According to a 2019 market research report, the global market for sleep apnea devices is expected to reach a value of $12.6 billion by 2025.
This represents a forecast CAGR of 6.8% from 2019 to 2025.
The main drivers for this expected growth are an increasing prevalence of sleep disordered breathing, growing awareness of the condition and a higher treatment rate in regions such as North America.
Also, therapeutic devices accounted for 65% of the market in 2018 and are expected to grow at a CAGR of
Video game platform Roblox has confidentially filed for an IPO, according to a company statement to Bloomberg.
The number of shares and price for the offering weren’t revealed.
Last week, Reuters reported that Roblox would seek an $8B valuation, double the valuation during a $450M private investing round in February.
Roblox makes freemium games and operates Roblox Studio, a free game creation system that competes with recently listed Unity Software (NYSE:U).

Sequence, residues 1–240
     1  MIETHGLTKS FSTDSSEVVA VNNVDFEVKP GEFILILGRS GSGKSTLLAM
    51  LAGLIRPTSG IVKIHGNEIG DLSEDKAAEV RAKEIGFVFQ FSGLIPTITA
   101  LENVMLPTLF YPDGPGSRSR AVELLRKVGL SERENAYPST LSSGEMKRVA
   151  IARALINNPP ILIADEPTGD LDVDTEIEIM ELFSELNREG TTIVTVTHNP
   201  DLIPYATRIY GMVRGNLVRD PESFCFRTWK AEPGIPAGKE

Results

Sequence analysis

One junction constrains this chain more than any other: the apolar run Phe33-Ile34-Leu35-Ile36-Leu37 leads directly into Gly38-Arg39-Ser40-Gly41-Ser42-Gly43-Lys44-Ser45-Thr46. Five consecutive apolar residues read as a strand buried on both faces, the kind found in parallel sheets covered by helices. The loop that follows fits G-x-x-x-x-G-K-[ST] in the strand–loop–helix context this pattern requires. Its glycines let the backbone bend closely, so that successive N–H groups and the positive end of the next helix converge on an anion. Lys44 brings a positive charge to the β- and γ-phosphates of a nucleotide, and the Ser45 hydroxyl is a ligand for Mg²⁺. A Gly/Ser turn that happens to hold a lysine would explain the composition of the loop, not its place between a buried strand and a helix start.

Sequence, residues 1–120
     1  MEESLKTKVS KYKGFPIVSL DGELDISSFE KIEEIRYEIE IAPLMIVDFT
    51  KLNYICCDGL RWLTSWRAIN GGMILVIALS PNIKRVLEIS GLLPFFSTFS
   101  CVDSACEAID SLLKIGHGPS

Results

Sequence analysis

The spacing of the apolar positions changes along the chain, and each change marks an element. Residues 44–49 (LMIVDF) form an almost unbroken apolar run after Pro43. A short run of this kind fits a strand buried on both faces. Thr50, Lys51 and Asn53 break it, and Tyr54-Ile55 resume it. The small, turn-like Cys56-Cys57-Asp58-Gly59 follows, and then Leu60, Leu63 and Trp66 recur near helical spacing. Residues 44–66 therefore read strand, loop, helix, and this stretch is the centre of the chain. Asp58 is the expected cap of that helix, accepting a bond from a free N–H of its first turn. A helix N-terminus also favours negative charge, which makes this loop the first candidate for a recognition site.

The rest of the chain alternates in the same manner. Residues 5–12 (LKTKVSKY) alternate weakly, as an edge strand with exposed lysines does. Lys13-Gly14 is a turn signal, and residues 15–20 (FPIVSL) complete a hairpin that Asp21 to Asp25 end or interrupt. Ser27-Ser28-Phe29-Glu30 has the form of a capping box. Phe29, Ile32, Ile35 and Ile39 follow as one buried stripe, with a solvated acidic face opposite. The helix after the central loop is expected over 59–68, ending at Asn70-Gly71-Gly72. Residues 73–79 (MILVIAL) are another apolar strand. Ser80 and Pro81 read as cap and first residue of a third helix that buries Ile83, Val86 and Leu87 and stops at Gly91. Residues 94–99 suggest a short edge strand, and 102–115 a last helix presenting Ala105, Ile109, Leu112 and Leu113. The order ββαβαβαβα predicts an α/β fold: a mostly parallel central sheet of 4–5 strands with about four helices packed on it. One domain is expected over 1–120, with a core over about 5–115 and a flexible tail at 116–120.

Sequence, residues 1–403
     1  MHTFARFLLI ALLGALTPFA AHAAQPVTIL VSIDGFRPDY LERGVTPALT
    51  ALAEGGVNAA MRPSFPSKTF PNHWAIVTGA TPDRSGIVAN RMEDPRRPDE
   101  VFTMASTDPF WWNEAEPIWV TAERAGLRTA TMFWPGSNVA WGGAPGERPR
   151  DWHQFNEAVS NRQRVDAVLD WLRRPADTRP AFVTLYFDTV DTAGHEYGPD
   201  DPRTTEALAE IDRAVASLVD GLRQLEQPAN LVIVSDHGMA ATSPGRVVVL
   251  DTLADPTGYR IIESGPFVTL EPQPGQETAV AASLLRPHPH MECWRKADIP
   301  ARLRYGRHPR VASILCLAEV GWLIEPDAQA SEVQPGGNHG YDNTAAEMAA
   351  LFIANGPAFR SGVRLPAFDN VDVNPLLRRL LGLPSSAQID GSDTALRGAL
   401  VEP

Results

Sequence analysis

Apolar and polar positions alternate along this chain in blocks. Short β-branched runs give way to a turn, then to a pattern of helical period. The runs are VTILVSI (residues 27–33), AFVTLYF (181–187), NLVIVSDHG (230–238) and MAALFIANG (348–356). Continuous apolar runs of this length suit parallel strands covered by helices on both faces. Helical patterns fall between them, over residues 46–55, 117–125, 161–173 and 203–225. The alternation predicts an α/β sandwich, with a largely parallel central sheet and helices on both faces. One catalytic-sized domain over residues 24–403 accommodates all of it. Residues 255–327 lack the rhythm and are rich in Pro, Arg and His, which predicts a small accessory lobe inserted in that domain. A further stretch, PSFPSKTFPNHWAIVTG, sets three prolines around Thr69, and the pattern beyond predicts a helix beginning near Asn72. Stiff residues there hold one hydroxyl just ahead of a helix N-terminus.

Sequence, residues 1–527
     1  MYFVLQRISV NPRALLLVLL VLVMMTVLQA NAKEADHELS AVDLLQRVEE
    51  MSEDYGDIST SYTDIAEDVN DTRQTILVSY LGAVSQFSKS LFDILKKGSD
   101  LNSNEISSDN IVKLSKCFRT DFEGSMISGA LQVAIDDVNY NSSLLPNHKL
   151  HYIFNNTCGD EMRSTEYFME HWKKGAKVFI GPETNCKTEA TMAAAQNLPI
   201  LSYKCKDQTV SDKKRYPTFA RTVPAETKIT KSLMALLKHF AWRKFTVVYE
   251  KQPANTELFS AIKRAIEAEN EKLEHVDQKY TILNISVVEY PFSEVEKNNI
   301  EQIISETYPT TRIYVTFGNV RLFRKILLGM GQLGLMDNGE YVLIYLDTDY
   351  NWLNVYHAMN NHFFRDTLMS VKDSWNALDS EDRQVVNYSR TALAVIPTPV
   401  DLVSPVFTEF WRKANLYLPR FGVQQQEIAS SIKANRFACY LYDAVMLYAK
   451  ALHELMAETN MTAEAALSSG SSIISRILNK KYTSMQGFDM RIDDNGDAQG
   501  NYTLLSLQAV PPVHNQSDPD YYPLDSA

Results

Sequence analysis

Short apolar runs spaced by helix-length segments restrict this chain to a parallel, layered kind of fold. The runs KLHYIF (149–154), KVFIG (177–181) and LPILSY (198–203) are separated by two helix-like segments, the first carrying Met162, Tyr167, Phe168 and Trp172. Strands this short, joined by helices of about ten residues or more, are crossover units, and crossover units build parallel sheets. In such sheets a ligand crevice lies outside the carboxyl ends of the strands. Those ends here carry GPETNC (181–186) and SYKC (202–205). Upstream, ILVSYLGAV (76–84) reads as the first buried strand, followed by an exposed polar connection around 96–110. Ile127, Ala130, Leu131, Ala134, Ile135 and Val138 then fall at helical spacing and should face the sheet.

Previously: Unity competitor Roblox considering U.S. IPO – Reuters (Oct. 01 2020)
Last month, investors went absolutely bananas for software initial public offerings, or IPOs. No company highlighted the craze more than Snowflake (NYSE:SNOW) — shares of which have more than doubled from their initial price.
But in the Snowflake-induced haze of IPO stocks, another company caught my attention: JFrog Ltd. (NASDAQ:FROG). This company checks off a lot of boxes that I look for in an investment: founder-led, strong balance sheet, and a barbell approach that seems to be working very well.